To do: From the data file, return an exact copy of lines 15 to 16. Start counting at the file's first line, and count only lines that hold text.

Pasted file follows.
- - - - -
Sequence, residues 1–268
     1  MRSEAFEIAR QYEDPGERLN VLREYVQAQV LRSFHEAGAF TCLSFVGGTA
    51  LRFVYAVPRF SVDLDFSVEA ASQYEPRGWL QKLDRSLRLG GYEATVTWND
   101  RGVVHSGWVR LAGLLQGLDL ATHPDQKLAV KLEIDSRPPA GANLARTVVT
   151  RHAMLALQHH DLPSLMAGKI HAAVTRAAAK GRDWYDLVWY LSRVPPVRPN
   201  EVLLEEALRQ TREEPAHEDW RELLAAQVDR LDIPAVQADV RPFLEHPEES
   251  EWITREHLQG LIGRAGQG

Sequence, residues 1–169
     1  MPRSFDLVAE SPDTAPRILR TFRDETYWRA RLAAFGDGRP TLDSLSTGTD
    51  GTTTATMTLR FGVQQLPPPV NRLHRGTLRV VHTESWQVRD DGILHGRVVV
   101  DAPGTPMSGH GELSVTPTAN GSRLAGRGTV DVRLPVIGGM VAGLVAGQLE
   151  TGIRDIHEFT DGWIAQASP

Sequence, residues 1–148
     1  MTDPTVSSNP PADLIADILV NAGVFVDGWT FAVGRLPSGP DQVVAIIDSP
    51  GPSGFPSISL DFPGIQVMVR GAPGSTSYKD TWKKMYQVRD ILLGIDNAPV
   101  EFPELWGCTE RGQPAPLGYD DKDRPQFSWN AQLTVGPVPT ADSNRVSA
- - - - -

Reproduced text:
    51  GPSGFPSISL DFPGIQVMVR GAPGSTSYKD TWKKMYQVRD ILLGIDNAPV
   101  EFPELWGCTE RGQPAPLGYD DKDRPQFSWN AQLTVGPVPT ADSNRVSA